Haiti earthquake: 10 years later

January 12 will mark the 10 year anniversary of the earthquake in Haiti. On January 12, 2010 at 4:53 pm, a 7.0-magnitude earthquake hit an area about 25 kilometres from Haiti’s capital Port-au-Prince. In the aftermath of the disaster, between 220,000 and 300,000 people lost their lives and up to three million people were severely impacted, creating the worst humanitarian crisis the country has faced to date.

Homes destroyed in the aftermath of the earthquake. Photo: Jon Warren

Ten years later, Haiti is still struggling to fully recover from the earthquake and subsequent natural disasters such as Hurricane Sandy in 2012 and Hurricane Matthew in 2016.

While progress has been made, some of the issues prior to the earthquake still persist in Haiti, such as weak political governance, lack of infrastructure, and limited access to basic resources. In 2019, widespread anti-government protests have shut down schools, businesses, and worsened humanitarian needs.

Girls participate in activities at a World Vision Child Friendly Space in Port-au-Prince. Photo: Paul Bettings

Despite all of this, there is hope. To date, World Vision continues to walk alongside Haitians to rebuild their nation by strengthening their communities. You can be a part of this work by sponsoring a child in Haiti. Child sponsorship helps provide vulnerable children with essentials such as food, clean water, education and health care.

To find out more, please click here.



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Water in Crisis – Haiti

According to Katherine Sentlinger, there is a severe water crisis in Haiti. She writes the following:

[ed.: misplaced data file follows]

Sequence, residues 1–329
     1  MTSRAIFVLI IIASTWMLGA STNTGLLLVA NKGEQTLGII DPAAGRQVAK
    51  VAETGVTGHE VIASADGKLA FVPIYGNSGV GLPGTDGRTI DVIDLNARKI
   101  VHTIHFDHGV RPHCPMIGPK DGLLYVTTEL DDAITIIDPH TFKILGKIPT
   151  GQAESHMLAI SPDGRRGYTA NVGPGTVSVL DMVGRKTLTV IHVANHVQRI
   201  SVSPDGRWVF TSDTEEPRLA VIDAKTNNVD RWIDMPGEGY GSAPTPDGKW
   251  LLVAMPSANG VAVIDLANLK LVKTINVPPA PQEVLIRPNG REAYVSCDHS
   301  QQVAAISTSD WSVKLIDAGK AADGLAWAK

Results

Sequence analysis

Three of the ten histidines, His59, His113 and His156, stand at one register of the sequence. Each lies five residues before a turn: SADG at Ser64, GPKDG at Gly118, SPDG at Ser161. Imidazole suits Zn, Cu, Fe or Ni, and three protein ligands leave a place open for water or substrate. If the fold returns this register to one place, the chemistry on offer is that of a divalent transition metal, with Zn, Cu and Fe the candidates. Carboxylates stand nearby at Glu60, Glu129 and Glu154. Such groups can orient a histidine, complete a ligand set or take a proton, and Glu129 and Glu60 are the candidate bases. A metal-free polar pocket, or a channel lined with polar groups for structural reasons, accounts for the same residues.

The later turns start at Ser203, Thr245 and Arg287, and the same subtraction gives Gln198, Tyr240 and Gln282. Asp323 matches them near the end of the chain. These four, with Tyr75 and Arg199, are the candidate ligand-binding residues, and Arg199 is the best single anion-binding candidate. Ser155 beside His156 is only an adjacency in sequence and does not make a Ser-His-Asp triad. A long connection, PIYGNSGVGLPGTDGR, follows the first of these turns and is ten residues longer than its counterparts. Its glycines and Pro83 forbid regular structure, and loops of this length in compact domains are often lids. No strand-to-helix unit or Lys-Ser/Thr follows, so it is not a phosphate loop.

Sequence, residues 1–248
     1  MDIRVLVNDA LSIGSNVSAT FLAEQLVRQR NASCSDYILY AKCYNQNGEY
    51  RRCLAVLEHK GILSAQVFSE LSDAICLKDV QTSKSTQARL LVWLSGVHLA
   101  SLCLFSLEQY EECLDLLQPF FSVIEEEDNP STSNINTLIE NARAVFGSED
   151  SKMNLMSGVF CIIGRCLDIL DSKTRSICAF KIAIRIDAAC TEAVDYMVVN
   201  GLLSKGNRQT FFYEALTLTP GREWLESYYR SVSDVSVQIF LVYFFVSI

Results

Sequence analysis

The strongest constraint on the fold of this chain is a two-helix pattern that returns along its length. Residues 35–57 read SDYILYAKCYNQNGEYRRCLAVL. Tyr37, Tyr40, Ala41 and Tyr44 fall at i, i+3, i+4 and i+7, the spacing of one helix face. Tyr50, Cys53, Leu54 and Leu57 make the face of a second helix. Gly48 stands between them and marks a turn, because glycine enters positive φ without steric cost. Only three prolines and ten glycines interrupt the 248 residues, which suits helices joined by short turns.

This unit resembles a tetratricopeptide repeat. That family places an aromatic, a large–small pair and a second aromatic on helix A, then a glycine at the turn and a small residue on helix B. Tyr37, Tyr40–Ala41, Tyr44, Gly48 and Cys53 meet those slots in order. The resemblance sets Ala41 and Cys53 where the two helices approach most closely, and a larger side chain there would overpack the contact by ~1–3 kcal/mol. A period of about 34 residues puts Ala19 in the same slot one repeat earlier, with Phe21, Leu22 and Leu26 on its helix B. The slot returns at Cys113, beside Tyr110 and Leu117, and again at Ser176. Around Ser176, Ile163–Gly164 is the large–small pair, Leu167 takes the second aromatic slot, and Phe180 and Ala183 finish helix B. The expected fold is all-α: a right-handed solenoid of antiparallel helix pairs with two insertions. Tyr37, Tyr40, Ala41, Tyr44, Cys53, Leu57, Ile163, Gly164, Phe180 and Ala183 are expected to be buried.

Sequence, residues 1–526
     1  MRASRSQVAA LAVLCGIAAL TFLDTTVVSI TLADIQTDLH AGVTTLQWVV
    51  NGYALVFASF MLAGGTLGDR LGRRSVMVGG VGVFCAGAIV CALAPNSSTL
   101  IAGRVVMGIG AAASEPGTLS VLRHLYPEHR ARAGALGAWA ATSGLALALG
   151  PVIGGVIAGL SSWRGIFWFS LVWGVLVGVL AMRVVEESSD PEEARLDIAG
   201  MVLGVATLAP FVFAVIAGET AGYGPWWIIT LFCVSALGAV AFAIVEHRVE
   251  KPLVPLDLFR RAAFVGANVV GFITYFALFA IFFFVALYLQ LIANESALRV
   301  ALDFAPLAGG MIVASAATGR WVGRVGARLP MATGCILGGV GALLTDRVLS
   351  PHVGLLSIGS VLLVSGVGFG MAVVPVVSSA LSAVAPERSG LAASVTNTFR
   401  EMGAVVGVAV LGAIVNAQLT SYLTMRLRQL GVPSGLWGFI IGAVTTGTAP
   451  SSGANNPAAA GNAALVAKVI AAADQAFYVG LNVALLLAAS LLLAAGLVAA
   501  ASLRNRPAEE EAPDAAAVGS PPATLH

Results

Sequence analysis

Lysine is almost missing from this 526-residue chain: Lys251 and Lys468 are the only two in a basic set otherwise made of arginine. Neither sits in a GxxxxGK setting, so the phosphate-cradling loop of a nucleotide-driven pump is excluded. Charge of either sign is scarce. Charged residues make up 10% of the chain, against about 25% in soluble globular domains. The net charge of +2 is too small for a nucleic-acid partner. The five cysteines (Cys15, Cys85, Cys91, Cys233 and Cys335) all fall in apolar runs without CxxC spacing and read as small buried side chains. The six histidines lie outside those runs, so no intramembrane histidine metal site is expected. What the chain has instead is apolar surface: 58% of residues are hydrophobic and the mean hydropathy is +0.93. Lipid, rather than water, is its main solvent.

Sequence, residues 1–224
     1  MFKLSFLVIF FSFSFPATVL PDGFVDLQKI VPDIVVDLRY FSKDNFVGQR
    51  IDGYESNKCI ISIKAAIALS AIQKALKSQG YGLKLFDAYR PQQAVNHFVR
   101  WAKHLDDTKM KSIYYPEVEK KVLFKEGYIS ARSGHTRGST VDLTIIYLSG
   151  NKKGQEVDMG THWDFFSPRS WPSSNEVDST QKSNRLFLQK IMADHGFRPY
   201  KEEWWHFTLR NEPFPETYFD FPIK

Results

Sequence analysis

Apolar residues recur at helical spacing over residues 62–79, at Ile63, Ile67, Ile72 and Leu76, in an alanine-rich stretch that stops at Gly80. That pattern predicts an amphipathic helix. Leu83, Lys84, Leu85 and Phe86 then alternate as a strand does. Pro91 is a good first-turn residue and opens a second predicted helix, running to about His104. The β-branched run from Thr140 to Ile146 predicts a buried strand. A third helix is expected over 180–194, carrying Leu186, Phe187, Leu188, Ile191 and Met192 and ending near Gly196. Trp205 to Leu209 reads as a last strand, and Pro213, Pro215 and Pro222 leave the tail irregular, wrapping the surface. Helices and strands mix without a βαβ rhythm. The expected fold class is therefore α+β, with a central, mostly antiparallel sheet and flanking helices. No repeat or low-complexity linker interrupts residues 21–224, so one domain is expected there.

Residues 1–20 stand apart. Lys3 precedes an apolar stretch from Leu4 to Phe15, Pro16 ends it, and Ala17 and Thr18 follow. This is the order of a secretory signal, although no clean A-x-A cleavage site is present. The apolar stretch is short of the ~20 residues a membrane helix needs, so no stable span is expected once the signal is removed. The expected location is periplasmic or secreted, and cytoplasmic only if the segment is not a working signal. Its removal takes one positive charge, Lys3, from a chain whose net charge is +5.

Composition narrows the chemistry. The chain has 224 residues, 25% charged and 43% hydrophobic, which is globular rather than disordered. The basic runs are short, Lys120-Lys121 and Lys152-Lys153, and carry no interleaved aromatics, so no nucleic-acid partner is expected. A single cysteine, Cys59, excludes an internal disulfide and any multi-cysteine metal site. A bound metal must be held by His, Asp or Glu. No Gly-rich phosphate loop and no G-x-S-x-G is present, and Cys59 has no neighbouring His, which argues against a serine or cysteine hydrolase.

“As the poorest nation in the western hemisphere, Haiti has to deal with issues of poverty and water scarcity on a daily basis. According to a study conducted by The Center for Human Rights and Global Justice, “only 55.2 percent of the population has access to an improved water source, while close to 70 percent does not have direct access to potable water. These figures, however, almost definitely overstate Haitians’ access to improved water sources, since public systems are rarely available year round”. Access to clean, fresh water is a main concern in Haiti, where waterborne illnesses, such as typhoid, cholera, and chronic diarrhea, are the cause of more than half of the deaths in the country every year. Contaminated water is also one of the leading causes of childhood illness and the very high infant death rate in Haiti (57 for every 1000 births) .”

But, there is hope. You can help make a difference through the FreddyLink “Water is Life” fundraiser. We hope to raise $100,000 to help provide safe and accessible water, construct water stations & latrines and rehabilitate wells to create real and lasting change for Haitian families. Click here for more details.

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Progress in WASH in Haiti

Water, sanitation and hygiene, known as WASH, is a priority for World Vision in Haiti. Here are some results achieved from October 2017 to September 2018.

  • 10,460 people, including 6,135 children, learned about the importance of water safety, proper sanitation and hygiene to stay healthy
  • 2,184 technicians were trained to repair and maintain water sources, ensuring safe water access for children and families
  • 2,984 people are benefiting from improved latrines and have better access to sanitation
  • 9,476 people have safe water for drinking and cooking thanks to improved water sources

While work continues on a national scale in Haiti, we at FreddyLink are also raising funds to assist with WASH projects in the Morne Pelee Area Development Program in Haiti. Click here for more information how you can help provide clean water in Haiti.

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30 Hours for Water

NEXTGEN Ministry at Smythe Street Church will hosting an event called “30 Hours for Water” on November 15-16. Middle school and high school students will participate in a number of activities to increase awareness of issues related to water and hunger in developing countries.

All funds raised through this event will go towards the FreddyLink “Water is Life” fundraiser. The funds will be used to help provide safe and accessible water, construct water stations & latrines and rehabilitate wells to create real and lasting change for Haitian families in the World Vision Morne Pelee Area Development Program.

You can support these students in their fundraising efforts by making an on-line donation here.

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